Dispatch in Elyria (Ohio) Chronicle Telegram, Jan. 27, 1903 and post card of the main gate at Colney Hatch
On Jan. 27, 1903, a fire at the sprawling Colney Hatch Lunatic Asylum - a psychiatric hospital serving London - killed 51 people.
According to an account in the British Journal of Psychiatry:
"A few minutes after half-past 5 yesterday morning the steam siren at the asylum sounded the fire alarm, and the inhabitants of New Southgate, Barnet, and Edmonton, the parishes surrounding the asylum, who swarmed into the streets, saw a startling glare showing from the asylum grounds. It was evident that a disastrous fire, which had already obtained a strong hold, was in progress.
"A number of local residents climbed the wall of the asylum at the rear with a view of rendering assistance, but their aid was refused. The fire which had broken out so suddenly and was destined to end so tragically began at the bottom block of the temporary wards.
"It burnt from the outset with great fury, and in a few seconds the whole of the southern block, known as X ward 5, was involved. The buildings, being erected on timber frames and lined with matchboarding, of course fed the flames, and there being a high wind blowing at the time, every element necessary to assist the blaze was present.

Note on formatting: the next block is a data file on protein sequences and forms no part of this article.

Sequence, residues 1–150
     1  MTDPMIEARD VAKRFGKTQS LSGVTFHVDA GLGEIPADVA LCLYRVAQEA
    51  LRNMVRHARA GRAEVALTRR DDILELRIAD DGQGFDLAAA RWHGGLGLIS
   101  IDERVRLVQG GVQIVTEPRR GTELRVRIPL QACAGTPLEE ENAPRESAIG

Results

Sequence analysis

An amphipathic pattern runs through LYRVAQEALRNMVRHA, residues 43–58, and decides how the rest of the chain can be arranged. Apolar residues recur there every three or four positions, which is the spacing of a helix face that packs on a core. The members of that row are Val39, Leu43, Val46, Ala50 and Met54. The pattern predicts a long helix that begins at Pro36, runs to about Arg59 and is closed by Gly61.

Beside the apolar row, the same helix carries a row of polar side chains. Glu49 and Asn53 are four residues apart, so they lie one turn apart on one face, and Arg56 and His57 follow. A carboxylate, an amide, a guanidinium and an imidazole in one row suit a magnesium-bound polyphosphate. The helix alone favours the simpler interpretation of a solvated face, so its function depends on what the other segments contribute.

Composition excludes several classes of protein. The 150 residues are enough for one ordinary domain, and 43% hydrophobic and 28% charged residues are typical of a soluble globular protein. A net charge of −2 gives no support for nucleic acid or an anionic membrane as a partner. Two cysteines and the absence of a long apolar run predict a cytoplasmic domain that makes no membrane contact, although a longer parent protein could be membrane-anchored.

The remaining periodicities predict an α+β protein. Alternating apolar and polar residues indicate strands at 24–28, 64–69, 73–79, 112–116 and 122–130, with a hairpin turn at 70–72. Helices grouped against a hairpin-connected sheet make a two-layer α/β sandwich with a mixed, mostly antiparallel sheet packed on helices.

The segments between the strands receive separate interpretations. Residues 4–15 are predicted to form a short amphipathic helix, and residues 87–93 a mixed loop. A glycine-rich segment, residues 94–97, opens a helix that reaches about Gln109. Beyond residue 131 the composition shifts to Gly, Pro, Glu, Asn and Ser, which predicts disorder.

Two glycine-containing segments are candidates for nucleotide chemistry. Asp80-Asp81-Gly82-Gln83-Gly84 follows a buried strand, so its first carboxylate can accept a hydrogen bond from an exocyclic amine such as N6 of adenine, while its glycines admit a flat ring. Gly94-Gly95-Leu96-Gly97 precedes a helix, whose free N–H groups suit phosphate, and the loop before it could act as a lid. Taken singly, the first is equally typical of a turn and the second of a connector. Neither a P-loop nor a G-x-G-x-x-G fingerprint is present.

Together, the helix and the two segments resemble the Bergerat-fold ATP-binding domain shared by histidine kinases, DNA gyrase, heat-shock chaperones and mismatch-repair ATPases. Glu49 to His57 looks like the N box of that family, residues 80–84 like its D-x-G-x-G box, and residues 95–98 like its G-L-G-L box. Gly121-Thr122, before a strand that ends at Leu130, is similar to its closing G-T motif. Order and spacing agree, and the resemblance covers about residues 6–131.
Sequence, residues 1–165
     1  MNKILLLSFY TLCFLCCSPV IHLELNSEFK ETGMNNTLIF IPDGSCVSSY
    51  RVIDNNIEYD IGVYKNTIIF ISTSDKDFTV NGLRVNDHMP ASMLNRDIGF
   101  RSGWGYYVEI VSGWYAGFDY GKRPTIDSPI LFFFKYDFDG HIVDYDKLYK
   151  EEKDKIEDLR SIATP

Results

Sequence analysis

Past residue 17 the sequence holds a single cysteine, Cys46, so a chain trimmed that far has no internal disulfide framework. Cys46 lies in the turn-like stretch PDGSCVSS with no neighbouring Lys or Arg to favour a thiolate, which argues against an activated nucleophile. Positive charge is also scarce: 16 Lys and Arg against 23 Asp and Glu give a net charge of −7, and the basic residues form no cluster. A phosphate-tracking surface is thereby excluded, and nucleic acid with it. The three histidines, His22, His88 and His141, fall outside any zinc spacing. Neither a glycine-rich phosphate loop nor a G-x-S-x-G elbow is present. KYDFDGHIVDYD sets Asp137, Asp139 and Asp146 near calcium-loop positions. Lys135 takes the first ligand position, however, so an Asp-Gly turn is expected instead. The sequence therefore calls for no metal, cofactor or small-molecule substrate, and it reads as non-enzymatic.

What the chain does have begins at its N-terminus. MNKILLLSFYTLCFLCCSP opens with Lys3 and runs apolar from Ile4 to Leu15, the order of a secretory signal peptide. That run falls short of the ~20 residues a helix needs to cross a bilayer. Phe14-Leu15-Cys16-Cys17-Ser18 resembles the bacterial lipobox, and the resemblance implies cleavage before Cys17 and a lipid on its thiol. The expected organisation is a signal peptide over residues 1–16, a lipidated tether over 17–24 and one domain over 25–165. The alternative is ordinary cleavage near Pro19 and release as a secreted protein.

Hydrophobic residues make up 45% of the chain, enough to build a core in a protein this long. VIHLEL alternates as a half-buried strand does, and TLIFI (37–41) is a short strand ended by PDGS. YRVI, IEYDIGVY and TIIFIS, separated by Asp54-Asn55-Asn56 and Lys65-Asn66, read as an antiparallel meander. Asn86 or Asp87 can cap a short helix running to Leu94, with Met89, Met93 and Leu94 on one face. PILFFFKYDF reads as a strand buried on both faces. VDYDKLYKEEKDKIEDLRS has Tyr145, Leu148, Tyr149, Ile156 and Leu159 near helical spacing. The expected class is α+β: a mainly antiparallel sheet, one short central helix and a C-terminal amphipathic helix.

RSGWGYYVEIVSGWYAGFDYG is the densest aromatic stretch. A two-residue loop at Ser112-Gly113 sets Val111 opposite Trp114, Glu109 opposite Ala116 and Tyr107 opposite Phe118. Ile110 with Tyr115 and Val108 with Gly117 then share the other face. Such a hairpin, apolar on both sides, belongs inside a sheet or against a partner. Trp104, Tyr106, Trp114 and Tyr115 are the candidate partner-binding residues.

"The asylum house fire brigade at once resolutely attacked the fire, but apparently they were in difficulties owing to the lack of water, and they were also short-handed for a task of such magnitude as that which confronted them, there being less than a dozen of the asylum staff drilled as firemen resident inside the walls.
"The heat and smoke created by the fire were also bad elements to contend with, it being im- possible to approach the burning block. In these circumstances it was not surprising to the spectators to observe after a very few minutes that X Ward 4 had burst into flames, which had swept along the commu nicating corridor, meeting with no opposition, while by this time the iron sides and roof of X 5 were almost at a white heat.
"The Hornsey Fire Brigade had been the first to get their steamer to work, but they were unable to do any effective duty until they had dammed a brook at the bottom of the slope, about 400 yards from the fire. When they began to play upon the flames it was too late to prevent the total destruction of the temporary wards, which, in little more than an hour after the outbreak was discovered, had been burned out from end to end and had crumpled down.
"One after another the doomed huts burst into flames. For a while each burned with a brilliant glare, the flames shooting high into the air through the slightly-constructed roof. Then the roof and walls collapsed amid a shower of sparks, and the fire swept on to claim its neighbours. One by one in this rapid way all five of the wards tumbled down, a heap of smouldering ruins."